– Colossians 2:8-10,15,18-23
Take notice that the “deceptive philosophy” Paul refers to is, in principle, not the same philosophy employed by Christian philosophers today, which is simply, in my words, thinking things through thoroughly (and it is notably this ‘thorough’ aspect that separates professional from amateur), or loving God with “all your mind” (Mark 12:30), rather Paul’s philosophy implies a self-made religion, human tradition, or asceticism based on “the elemental spiritual forces of this world,” from which Christians are liberated. But like all religions, there is a philosophical edge to it. Therefore, Paul is also not making a case for total syncretism or religious pluralism—all religions and philosophies being equal. At the Areopagus, he is making a case for redemption, to sanctify and restore the lost and broken images of God. That is to say, there is some truth in pagan philosophy when extracted from its broader religious context that can be redeemed when contextualized by the truth of God because truth—and subsequently reason, conscience, and discernment—is integral to the natural revelation of God in all people, so that all may come to repentance (2 Peter 3:9). Philosophy is common ground, but not sacred ground.
It is the bridge between those grounds—theology and philosophy—that apologetics finds its dominion, as a subdiscipline of evangelism. Yet the issue remains a matter of border control: When is that line crossed? And how is it crossed? The meaning of philosophy is so promiscuous and self-reflexive, it is no wonder there is so much disagreement among believers. So for those who remain unconvinced of its necessity or relevancy, or perhaps are legitimately concerned with a forced marriage, it might be reassuring to know that long before the elemental spiritual forces of humanism infiltrated Christendom by Trojan horse, before Tertullian penned those words and Paul addressed the Areopagus, at a time when sacred and common ground were kingdoms apart, when the world around Jerusalem was held captive by the forces of darkness, the bridge between those grounds was always intact––founded in wisdom. Wisdom that was, and still is, integral to evangelism as well as philosophy, which means, quite literally, “the love of wisdom”. For this reason, a greater understanding of wisdom, secular and sacred alike, is warranted not only for its necessity in contemporary apologetics, a quality lacking in cultural dialogue, but for its relevancy in evangelism of the gospel. Lest I inflate the trepidation even more, it is the two great opposites of Western intellectual tradition that I turn to first: the lowly Athenian gadfly and the extravagant philosopher king.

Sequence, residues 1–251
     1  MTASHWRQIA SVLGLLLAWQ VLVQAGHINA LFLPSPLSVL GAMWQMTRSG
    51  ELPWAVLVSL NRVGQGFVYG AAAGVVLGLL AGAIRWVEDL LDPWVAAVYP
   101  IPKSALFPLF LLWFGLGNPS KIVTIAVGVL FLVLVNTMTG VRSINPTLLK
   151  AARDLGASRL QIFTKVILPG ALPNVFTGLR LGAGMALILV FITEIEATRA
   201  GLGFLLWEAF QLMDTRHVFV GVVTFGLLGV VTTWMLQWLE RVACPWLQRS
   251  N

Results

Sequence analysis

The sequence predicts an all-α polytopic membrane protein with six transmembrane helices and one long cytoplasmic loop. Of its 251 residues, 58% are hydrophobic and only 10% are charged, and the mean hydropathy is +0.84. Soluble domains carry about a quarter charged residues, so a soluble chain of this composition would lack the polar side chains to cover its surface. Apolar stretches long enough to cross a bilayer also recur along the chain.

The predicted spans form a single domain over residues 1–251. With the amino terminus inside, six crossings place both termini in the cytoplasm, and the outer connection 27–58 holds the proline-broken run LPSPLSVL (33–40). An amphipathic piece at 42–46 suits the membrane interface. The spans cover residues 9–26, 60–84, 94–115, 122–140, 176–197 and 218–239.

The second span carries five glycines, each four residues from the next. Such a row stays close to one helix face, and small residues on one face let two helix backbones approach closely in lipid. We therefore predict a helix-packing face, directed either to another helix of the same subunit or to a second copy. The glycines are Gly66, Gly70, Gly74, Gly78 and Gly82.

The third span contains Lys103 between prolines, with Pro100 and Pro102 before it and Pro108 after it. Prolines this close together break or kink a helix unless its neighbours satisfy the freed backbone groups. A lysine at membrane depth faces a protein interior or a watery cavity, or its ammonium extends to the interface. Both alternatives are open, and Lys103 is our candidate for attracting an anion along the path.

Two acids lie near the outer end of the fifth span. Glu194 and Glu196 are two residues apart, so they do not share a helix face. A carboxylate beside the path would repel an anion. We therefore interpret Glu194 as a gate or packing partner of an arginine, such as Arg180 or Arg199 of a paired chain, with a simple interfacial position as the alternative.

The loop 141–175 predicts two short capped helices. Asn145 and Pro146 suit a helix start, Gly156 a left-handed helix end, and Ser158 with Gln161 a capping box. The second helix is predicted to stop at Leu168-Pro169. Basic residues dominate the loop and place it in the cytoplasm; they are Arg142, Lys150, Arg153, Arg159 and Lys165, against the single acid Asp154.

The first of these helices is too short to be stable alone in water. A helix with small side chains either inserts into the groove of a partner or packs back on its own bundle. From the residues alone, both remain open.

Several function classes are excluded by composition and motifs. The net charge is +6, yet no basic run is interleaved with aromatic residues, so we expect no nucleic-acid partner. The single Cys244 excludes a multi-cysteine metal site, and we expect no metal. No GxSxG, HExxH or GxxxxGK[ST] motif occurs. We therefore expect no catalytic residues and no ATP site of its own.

Matlock Bobechko | March 1, 2023 – 9:00 AM EST. Revised on March 2, 2023 – 10:45 AM EST.
 Roy Kearsley, Faith and philosophy in the early church. The Gospel Coalition. Themelios: Volume 15, Issue 3.
 Tertullian, “Prescription against Heretics,” trans. Peter Holmes, in Ante- Nicene Fathers, ed. Alexander Roberts and James Donaldson (Peabody, MA: Hen- drickson, 1994), 3:249. Accessed in Jay Green, An Invitation to Academic Studies, pg. 8.
 Camilla Turner, Theology and Religious Studies risk 'disappearing' from universities, report warns, Published on The Telegraph and The British Academy, 23 May 2019.